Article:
The benefits that self-narration provides to the individual are many. The field that has best researched these benefits is psychology. This makes sense given that narrative has been described by psychologist Dr. Theodore Sarbin as the “root metaphor” of psychology.
In crafting your story, you are shaping your identity.
Your identity is the way in which you understand yourself and describe who you are to yourself and others. Your identity is your life story. Understanding and constructing one’s own identity provides purpose and meaning to one’s life. As a life story is constructed from chosen memories, so too is identity constructed from the meanings one associates those memories with. This is called meaning-making.
Meaning-making is the ability to connect one’s experiences with meanings to describe the overall self. It has been studied and shown that people who are able to engage in meaning-making tend to be psychologically healthy and generally happier and more willing to engage with, and try new things. Identity is not, however, something that is crafted once and for all and stays exactly the same for the rest of your life.
Your life story changes and adapts to the situations that arise in your life, and so the meanings that you associate with your memories need to accurately change to reflect your changing experiences.
What memories, then, do you tie meanings to? There are many mundane memories in every person’s life, so do we include doing the dishes and taking out the trash in our self narratives? No! The memories that are important are called self-defining memories.
In McAdams’ The Psychology of Life Stories, memories are described as needing the following five classifications to be called a self defining memory:
- present a specific event that took place at a particular time and place, rather than a summary event or extended series of events
- contain a detailed account of the rememberer’s own personal circumstances at the time of the event
- evoke sensory images or bodily sensations that contribute to the feeling of “re-experiencing" or "reliving" the event
- link its details and images to a particular moment or moments of phenomenal experience
- be believed to be a truthful representation of what actually transpired
Let’s break this down into what a self-defining memory is and is not. Let’s use the example of someone getting married as a self-defining memory.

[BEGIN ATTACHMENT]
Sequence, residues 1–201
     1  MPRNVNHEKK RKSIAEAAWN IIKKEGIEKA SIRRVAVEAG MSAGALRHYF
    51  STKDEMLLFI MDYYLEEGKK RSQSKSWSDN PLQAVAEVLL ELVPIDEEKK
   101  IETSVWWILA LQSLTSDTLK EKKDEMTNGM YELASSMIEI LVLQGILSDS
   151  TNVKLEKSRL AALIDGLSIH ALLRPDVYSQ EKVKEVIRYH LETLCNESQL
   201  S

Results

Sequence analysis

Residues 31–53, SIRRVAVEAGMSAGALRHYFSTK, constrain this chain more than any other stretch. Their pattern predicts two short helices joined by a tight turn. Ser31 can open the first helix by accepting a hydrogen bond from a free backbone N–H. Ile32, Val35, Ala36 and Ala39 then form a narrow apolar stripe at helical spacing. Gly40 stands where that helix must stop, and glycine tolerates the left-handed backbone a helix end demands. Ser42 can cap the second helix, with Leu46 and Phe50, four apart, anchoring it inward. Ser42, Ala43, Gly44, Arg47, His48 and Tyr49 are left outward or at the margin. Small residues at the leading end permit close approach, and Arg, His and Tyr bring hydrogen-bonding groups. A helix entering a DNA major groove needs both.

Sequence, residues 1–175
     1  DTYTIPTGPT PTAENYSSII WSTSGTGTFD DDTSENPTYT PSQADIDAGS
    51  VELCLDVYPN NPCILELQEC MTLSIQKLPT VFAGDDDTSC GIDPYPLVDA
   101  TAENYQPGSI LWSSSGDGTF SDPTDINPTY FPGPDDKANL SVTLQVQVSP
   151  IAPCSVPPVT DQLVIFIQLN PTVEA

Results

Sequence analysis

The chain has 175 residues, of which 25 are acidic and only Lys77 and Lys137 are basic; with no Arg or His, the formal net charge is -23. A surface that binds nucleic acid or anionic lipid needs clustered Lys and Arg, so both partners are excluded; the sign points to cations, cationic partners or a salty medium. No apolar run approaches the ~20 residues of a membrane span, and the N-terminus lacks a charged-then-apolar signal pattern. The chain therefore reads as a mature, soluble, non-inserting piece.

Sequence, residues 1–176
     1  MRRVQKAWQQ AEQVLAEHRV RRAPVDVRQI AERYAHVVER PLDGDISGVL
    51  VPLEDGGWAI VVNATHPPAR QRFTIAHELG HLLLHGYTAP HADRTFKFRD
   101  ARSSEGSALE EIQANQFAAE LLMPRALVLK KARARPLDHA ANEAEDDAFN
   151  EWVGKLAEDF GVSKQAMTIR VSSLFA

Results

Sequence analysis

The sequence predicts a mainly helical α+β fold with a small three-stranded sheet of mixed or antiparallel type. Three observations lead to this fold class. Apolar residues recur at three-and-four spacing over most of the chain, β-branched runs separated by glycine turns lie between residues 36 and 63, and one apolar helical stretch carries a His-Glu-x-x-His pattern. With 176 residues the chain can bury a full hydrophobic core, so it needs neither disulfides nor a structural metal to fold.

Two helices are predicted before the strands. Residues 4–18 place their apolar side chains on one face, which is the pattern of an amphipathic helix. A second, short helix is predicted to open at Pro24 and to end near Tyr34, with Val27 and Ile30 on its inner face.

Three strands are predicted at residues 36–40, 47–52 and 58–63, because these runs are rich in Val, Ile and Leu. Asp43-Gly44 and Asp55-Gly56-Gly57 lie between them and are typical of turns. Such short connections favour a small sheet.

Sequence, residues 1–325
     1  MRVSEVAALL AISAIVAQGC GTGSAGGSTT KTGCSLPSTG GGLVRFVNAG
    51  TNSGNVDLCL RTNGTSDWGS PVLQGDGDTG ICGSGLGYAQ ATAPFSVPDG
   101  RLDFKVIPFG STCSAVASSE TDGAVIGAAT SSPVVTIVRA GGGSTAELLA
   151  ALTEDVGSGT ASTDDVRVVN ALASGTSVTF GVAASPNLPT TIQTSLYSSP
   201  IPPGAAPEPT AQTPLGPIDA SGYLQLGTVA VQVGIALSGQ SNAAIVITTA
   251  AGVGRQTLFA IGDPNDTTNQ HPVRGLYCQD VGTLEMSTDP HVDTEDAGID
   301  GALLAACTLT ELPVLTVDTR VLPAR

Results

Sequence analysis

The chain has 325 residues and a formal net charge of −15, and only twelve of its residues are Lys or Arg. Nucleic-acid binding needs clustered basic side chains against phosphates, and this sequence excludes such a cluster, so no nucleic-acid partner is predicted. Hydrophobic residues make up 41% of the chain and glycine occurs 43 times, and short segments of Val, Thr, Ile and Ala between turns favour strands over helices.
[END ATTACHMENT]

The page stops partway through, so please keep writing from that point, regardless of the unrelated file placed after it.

- Self-defining memories must be specific moments in time, not a series of events. So a self-defining memory might be that day that you got married, but it would not be the entirety of the time that you dated your significant other.
Self-defining memories are encoded with details that explain what was going on in your life at the time. You can recall, for example, the feeling of anxiety that struck you because you felt that you were not financially stable and you wondered if you might be bringing your partner down in that way. Or you remember that you spent a little too much time outside earlier that week and you had an unfortunate sunburn for your big day.
When you think of a self-defining memory, you can evoke feelings make you feel like you’re actually there. In talking about just how you were standing there in front of your partner, waiting for the moment to say I do, you can feel the nervousness, the joy and the excitement well up in your body as you recall that moment in time.
You can describe, in vivid detail, that self-defining moment. With some memories, you can remember a kind of blurry shade of what was happening in the moment, but when you recall your wedding, you remember it all, the dress, the cake, the reception, the kiss, in vivid detail because that moment meant so much to you.
You must believe that what happened actually happened the way that you are recalling it. Although you may feel that your wedding was a moment from a fairy tale, you wouldn’t recall it as having actually occurred in a Disney-inspired mountainous castle, as, chances are, that wasn’t what really happened.
You’ll know what a self-defining memory is if you reflect on it. In fact, you likely won’t even have to ask yourself whether all five of these apply, because chances are, if you think something was a life-defining memory, then it probably was.
The way in which we imbue meaning in our story is based on how these self-defining memories affect our quest to reach our goal. We choose these memories and we choose the meanings we draw from them. As McAdams eloquently states, “we endow [memories] with symbolic messages, lessons learned, integrative themes and other personal meaning that make sense to use in the present as we survey the past and anticipate the future.”